An oil on paper study by the renowned British master John Constable has re-emerged, having spent 62 years in a private collection.
The highly detailed painting, which is thought to be from 1824, features three intricately realised agricultural labourers guiding horse-drawn wagons across Hampstead Heath, all accompanied by a dog.
The study corresponds exactly with areas in two further paintings - which depict Branch Hill Pond, Hampstead - and is thought to offer insight into the ways in which Constable managed multiple commissions at the height of his fame, namely having his apprentice trace characters and features of the landscapes from smaller studies onto canvas.
Although the study is just 25cm wide, its considerable beauty, and evidence of its replication within two larger works have earned it a £80,000 ($130,000) high estimate.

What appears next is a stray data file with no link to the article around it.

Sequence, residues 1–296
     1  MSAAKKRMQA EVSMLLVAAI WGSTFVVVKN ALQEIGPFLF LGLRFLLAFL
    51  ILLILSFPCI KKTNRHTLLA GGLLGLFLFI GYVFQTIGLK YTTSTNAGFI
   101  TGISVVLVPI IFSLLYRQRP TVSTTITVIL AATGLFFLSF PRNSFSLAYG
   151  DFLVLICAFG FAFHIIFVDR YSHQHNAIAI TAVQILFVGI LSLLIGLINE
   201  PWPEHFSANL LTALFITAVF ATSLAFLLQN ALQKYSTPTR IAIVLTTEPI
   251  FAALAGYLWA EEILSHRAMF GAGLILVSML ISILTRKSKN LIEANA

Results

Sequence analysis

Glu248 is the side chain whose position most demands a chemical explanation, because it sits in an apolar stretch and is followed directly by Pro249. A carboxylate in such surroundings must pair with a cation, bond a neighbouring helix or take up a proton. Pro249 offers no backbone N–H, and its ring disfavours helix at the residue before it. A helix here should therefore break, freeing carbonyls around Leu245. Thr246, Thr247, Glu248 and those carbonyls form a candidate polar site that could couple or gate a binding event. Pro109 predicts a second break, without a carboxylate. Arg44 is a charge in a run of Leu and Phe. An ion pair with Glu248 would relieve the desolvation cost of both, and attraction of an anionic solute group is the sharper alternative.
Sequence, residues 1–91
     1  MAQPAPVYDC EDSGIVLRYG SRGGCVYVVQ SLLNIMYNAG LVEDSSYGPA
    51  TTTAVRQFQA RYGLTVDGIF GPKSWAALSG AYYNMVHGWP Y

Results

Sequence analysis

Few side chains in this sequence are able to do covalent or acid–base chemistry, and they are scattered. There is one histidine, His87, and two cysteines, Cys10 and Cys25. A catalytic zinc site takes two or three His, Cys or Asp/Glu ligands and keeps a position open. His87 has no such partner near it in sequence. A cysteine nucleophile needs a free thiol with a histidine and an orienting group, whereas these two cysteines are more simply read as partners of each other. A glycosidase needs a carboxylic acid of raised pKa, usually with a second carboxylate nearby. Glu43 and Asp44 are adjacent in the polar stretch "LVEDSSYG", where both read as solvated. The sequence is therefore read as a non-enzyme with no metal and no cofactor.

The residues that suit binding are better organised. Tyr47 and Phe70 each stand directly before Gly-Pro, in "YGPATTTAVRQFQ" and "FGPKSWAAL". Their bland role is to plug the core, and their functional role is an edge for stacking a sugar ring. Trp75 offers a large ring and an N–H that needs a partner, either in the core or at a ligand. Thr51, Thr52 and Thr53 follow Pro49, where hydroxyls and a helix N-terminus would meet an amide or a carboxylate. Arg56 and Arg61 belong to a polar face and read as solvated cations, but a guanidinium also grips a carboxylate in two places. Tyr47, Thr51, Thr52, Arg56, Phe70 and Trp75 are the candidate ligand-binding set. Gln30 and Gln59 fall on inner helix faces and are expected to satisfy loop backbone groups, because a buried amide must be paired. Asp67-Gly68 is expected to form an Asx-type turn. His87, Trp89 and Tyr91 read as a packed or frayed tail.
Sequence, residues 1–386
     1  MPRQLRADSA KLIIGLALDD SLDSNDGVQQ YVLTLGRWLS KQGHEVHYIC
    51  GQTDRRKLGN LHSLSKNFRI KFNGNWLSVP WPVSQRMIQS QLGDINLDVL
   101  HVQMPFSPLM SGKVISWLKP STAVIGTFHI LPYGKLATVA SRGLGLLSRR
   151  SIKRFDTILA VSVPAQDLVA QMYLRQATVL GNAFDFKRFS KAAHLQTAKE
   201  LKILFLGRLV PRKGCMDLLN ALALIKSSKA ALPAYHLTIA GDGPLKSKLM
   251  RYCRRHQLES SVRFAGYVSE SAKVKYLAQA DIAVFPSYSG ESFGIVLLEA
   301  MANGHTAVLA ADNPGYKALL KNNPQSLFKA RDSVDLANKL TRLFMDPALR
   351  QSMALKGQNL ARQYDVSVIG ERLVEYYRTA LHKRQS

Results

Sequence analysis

Dave Dallas, Bonhams' international director of old master paintings, commented: “The study reputedly comes from the artist’s studio and was then passed down to one of his granddaughters. Added to this is the fact that it hasn’t been seen on the market for so long, making this a truly unusual find.”
Works by Constable have a strong track record of excellent auction performances. The Lock, which is considered to be one of his finest works, set a new world record for the artist this summer, when, on July 3 it sold for £22.4m ($35.2m).
A week later, Constable's crepuscular Storm Clouds over Hampstead also achieved a 104.6% increase on its high estimate, selling for an impressive £409,250 ($634,338).
If previous Constable successes at auction are to be taken as evidence of the artist's enduring popularity; the forthcoming Bonhams sale will test whether his more minor studies might also command impressive price tags.
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